- Financial Management and Accountability Act 1997 (FMA Act) ; and / or
- Commonwealth Authorities and Companies Act 1997 (CAC Act) and have received a ministerial direction to apply the general policies of the Australian Government.
The Australian Government is also requiring its agencies to ensure that stakeholders accessing national security classified information apply the PSPF. This includes state/ territory government agencies such as police and premiers’ departments.
Directive on the Security of Government Business.
The directive is issued by the Attorney-General on behalf of the Executive Government. In 2018, the former Attorney-General Christian Porter MP updated the Directive on the Security of Government Business. The directive requires agency heads to identify their level of risk tolerance, meet the mandatory requirements of the PSPF, and develop an appropriate security culture to ensure the agency meets these requirements.
The PSPF consists of:
Five principles that apply to every area of security. These are fundamental values that represent what is desirable for all entities – security principles guide decision making.
- Security is everyone’s responsibility. Developing and fostering a positive security culture is critical to security outcomes.
- Security enables the business of government. It supports the efficient and effective delivery of services.
- Security measures applied proportionately protect entities’ people, information and assets in line with their assessed risks.
- Accountable authorities own the security risks of their entity and the entity’s impact on shared risks.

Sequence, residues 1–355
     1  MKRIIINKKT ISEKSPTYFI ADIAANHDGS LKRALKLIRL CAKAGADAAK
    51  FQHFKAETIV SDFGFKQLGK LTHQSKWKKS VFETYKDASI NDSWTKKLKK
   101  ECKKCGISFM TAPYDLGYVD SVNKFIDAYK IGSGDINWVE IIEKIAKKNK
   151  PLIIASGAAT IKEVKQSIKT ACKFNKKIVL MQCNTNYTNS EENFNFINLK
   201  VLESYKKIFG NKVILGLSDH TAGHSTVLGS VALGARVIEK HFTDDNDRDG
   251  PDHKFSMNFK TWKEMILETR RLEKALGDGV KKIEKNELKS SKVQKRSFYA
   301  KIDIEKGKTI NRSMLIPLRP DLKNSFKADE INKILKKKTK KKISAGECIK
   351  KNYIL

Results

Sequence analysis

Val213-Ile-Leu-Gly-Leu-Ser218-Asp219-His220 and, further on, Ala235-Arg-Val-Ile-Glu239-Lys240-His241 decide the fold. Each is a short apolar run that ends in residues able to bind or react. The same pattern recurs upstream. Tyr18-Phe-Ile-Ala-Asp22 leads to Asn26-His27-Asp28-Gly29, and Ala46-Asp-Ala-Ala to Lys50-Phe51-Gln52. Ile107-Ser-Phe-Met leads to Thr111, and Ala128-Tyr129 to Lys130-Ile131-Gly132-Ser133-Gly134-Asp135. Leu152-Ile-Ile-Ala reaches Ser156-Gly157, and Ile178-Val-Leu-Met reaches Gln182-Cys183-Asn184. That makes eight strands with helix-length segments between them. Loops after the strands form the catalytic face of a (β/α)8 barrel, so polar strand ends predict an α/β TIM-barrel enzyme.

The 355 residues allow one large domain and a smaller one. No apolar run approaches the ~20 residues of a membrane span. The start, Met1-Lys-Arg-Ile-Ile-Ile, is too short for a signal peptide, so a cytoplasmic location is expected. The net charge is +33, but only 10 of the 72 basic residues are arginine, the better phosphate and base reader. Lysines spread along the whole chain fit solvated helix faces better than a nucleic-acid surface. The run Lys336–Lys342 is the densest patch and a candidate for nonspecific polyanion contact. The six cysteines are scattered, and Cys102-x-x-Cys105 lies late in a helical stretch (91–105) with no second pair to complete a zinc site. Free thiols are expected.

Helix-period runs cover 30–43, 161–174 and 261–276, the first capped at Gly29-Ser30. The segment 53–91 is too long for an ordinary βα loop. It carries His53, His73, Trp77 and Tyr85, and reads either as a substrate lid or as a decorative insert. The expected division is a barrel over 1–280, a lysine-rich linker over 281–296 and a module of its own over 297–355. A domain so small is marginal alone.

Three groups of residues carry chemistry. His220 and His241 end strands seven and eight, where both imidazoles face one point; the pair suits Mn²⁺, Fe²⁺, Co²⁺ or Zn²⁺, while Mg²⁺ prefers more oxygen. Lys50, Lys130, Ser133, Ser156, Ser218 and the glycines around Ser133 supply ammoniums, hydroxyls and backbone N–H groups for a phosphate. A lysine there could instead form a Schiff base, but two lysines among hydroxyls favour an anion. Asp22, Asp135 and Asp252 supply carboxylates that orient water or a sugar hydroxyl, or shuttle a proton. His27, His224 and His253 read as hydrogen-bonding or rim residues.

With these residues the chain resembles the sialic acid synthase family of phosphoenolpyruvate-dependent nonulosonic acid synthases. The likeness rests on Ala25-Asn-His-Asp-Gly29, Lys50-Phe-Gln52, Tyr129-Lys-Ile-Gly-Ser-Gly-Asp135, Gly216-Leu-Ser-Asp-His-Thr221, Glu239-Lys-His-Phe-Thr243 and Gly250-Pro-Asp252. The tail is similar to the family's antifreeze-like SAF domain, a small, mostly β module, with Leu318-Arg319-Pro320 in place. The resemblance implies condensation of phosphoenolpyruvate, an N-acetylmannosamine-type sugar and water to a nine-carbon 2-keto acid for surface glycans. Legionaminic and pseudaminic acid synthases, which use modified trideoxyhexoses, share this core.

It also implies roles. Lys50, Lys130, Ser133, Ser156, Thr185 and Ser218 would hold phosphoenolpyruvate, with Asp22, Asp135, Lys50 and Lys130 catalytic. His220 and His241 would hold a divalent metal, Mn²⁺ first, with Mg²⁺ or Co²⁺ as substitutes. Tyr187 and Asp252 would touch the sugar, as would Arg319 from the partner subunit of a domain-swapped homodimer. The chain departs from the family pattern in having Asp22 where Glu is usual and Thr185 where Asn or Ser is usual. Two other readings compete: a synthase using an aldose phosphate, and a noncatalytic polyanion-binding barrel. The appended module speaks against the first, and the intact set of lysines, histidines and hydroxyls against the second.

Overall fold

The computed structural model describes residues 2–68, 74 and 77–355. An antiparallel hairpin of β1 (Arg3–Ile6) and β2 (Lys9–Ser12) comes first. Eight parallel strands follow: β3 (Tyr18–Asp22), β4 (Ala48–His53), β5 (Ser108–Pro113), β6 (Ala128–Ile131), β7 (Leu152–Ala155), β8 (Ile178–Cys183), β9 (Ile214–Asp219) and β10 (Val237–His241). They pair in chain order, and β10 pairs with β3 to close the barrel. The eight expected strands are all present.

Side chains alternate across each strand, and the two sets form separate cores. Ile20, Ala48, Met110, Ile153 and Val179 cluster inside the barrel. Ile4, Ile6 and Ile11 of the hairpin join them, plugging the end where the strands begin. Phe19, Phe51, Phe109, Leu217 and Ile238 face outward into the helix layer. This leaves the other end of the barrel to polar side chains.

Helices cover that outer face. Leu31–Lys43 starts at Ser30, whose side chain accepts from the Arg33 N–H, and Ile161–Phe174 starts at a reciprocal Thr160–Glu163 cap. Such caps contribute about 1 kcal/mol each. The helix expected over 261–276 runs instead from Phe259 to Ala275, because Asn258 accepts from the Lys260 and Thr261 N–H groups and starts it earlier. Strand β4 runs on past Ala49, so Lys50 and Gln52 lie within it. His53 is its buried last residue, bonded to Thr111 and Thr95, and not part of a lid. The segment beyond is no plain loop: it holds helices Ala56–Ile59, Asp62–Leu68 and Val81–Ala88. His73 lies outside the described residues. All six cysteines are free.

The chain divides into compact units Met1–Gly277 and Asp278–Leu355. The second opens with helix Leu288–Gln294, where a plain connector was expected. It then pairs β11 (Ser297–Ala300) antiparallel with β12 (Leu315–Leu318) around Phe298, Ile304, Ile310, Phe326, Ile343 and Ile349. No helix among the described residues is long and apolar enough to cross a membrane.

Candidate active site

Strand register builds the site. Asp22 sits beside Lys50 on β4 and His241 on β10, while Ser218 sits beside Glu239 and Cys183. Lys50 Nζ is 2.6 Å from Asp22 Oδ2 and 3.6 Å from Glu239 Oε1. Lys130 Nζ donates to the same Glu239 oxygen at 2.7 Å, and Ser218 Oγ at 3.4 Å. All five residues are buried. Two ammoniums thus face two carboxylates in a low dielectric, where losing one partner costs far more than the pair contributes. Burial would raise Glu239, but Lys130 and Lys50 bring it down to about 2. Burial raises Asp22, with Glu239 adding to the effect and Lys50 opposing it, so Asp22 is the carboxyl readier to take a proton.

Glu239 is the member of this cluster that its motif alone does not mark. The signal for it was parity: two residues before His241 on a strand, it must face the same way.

- A cycle of action, evaluation and learning is evident in response to security incidents.
The PSPF structure comprises:
Four outcomes that outline the desired end-state results the Government aims to achieve. The protective security outcomes relate to security governance, information security, personnel security and physical security.
Sixteen core requirements that articulate what entities must do to achieve the government’s desired protective security outcomes.
Most core requirements have a number of supporting requirements that are intended to facilitate a standardised approach to implementing security across government.
Guidance that provides advice on how PSPF core and supporting requirements can be effectively implemented.
More information – www.protectivesecurity.gov.au
Resilience Outcomes Australia is a member of the Defence Industry Security Program (DISP)
In 2010, the Attorney-General, Robert McClelland MP released the first directive on the security of (Australian) government business.
In 2012, an updated directive was issued by Attorney-General Nicola Roxon MP
In 2018, the former Attorney-General Christian Porter MP reissued the Directive on the Security of Government Business with an updated PSPF.
The PSPF replaced the 2007 Protective Security Manual (PSM) which had become outdated.
Tags: PSPF, Government, Protective Security Policy, Governance